Prayer for the Fourth Sunday of Advent

A prayer for Mitch Randall’s last Sunday as pastor of NorthHaven Church, before he takes his new position as executive director of the Baptist Center for Ethics.

God of peace and joy,

For centuries,
Israel anticipated
the coming of the Messiah;
and as one expectation
was fulfilled,
another was born,
for we still long
for the day when
that same Messiah
will come again.

Christmas is still a day
when old dreams are fulfilled,
and new dreams are born.

We give thanks for what
this church has become
in the years that Mitch
has been with us:

For those who have
been rejected,
it is a place to feel welcome.

For those who have
felt constrained,
a place to be free.

For those whose gifts
have been denied,
a place to serve.

And so it is fitting
that at Christmas
We share with the world.
this gift that we have received,

And may we, through our
words, actions, and gifts,
declare to the world
that there is still
good news of glad tidings,
for all people, everywhere.

Amen

Ordination Prayer

This is a prayer for the ordination service of Kim Divelbiss at NorthHaven Church on December 9, 2017

God of grace and hope,

We confess that, sometimes,
we are like Israel in Egypt,
overwhelmed by life and
tempted to believe that
you have abandoned your people.

In this, though, we have hope,
though Israel had forgotten you,
you did not abandon her.
Instead, you called Moses
to be her minister.

And so, from the desert
of our dry and parched lives,
you continue to call —
not from a burning bush,
but from within,
from a heart aflame
with passion for
the kingdom of God
and for your people.

Today, we give thanks for Kim,
a minister with such a heart,
who, like Moses,
has answered your call.

Grant her the vision
to see things as they are,
and the spiritual imagination
to recognize what they could be.

May her laughter be joyful;
her anger, righteous;
her compassion, gentle;
her witness, bold;
and her love, deep.

Fill her with the
power of the Almighty,
who took what was
formless and void
and created the universe,
then declared it good.

May her ministry
be the means by which
you continue to take
what is broken and empty,
and create that which is
new, beautiful and good.

In the name of the Father
who gives us our mission,
and of the Son,
whose obedience is our model,
and of the Spirit,
who gives us strength
for our task.

Three persons,
one God,
forever and ever.

Amen

Prayer for Times of Grief

God of compassion,

There are times when it
seems impossible to give thanks,
for the loss is too recent
and the pain is too great.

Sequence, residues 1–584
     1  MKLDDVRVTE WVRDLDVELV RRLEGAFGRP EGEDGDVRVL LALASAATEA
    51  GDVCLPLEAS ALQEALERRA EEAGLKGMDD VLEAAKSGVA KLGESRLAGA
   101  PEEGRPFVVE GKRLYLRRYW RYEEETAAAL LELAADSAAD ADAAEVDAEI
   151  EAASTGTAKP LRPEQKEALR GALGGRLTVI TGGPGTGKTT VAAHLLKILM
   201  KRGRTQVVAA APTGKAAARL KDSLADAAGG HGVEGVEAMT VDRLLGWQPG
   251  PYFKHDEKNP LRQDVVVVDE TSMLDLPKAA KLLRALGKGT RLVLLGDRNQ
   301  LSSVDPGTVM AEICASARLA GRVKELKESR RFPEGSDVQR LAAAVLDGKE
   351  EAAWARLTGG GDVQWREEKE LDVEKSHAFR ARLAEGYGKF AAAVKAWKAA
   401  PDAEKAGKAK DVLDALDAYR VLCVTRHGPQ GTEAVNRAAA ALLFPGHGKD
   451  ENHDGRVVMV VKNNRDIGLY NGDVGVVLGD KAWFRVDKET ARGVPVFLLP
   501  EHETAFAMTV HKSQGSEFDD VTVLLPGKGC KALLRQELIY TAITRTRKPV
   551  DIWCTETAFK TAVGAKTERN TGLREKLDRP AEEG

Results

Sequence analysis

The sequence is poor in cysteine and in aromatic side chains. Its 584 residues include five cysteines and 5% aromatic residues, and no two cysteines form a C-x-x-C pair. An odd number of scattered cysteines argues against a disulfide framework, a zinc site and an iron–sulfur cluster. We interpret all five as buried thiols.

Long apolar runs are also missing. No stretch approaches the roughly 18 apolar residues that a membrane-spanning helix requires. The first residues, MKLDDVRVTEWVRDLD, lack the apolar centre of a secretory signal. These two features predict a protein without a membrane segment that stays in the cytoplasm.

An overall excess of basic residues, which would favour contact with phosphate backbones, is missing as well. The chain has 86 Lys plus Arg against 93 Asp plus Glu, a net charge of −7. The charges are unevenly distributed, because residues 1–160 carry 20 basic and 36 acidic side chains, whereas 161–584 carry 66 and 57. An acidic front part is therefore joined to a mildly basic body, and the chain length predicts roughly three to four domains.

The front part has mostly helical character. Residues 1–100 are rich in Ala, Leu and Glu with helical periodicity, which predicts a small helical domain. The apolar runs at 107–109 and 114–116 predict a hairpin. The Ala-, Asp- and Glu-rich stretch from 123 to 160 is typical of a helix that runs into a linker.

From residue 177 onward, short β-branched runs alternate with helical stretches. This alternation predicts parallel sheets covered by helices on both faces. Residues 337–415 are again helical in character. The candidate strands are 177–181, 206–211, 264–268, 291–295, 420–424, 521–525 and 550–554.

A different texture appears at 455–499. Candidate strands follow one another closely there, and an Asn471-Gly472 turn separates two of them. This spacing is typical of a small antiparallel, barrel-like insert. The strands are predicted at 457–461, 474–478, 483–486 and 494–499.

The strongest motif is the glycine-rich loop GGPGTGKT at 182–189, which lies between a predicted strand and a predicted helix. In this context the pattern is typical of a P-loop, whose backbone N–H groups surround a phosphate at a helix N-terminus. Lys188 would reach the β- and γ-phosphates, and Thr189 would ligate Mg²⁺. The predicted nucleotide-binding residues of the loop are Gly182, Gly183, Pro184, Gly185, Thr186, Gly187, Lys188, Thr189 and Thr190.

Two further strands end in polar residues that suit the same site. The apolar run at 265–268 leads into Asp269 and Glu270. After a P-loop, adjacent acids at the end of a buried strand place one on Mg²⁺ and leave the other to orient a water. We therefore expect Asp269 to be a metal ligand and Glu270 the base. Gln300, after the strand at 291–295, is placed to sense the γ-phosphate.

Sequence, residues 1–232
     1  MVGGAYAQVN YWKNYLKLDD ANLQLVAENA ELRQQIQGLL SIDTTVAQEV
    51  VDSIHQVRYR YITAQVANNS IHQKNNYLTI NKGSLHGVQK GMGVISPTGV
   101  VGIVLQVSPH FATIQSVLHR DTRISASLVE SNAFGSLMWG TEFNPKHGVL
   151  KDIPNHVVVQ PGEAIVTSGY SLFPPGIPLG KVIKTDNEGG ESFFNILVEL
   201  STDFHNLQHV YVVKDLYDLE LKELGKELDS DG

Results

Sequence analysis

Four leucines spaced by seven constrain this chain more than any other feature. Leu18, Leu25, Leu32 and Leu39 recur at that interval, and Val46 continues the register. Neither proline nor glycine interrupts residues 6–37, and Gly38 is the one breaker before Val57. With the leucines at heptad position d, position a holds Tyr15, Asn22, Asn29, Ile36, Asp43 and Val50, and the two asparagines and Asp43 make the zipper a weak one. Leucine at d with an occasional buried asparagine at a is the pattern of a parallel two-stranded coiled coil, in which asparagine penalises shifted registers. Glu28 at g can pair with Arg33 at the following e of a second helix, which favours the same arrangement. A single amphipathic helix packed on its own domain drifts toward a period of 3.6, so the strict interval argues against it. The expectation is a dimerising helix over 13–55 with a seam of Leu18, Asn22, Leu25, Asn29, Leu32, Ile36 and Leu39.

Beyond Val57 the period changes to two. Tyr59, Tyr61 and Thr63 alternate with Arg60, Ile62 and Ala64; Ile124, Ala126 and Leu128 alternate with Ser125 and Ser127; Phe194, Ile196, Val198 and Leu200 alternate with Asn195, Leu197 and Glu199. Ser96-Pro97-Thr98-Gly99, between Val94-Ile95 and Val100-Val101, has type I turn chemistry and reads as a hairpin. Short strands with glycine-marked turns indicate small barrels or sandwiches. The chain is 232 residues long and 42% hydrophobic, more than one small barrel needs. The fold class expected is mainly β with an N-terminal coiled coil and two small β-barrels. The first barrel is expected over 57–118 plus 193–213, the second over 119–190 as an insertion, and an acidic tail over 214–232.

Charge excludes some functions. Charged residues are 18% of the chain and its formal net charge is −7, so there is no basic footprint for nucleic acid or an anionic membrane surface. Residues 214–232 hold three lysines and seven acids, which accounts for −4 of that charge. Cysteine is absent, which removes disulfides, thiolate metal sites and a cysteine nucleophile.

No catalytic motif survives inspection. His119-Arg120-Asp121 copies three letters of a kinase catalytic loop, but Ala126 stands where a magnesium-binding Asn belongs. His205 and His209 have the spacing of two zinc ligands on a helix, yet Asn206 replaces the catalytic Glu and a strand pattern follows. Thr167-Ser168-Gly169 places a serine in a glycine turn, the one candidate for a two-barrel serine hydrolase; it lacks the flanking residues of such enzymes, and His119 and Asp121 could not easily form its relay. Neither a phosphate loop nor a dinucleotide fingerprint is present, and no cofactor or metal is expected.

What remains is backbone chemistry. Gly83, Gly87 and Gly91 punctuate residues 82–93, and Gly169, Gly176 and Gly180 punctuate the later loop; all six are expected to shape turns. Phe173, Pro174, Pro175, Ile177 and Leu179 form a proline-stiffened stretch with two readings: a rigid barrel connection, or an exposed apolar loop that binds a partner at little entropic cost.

But in this, we have hope,
That even in the darkest valley,
we are not alone, for you are there

And our hope is not in vain,
for we see your presence in
the church, the body of Christ,
which walks beside us.

Give us the grace and love
to maintain this community,
so that our hope may be proclaimed,
again, and again, and again,
until that day when Christ himself
will wipe every tear from every eye.

Amen

When the Idols are Destroyed

Holy God,

We come to you bearing many things.
Some are burdens, but others are idols:

The idol of superiority,

The idol of certainty,

The idol of believing that
we are the gatekeepers to your kingdom,

The idol of making the gospel
an object of mere belief,
and not a way of life.

But when the burdens are lifted,
and the idols are destroyed,
What remains is truly precious:

Women and men in community,
Gifted people of all ages
working together so that
your kingdom may come,
and your will be done
even here, even now.

Amen

The Burden of Freedom

Hearing the sermon on Sunday, then reading Abraham Joshua Heschel on Monday and Flannery O’Connor on Tuesday – they all seemed to be speaking the same thing to me. This week’s prayer:

Lord,

I feel the weight of my choices,
bearing down upon my conscience,
each one a testimony to the truth
that those who do evil
have their greatest allies
in those who do nothing.

The burden of freedom is this,
though only some are guilty,
we are all surely responsible.

We ask not that this burden
be taken from us, but instead,
that we bear it with more
than the empty thoughts and prayers
of those who just pass by,
but with the grace and love
of the Samaritan
that leads to action.

Amen

Do Not Be Daunted

I bought an entire book for these two paragraphs, but they are worth much more than I paid:

“Rabbi Tarfon would say:

You are not obligated to complete the work,
but neither are you free to abandon it.

Do not be daunted
by the enormity of the world’s grief. Do justly, now,
Love mercy, now.
Walk humbly, now.”1


  1. Rabbi Rami M. Shapiro, Wisdom of the Jewish Sages: A Modern Reading of Pirke Avot, p. 41. [return]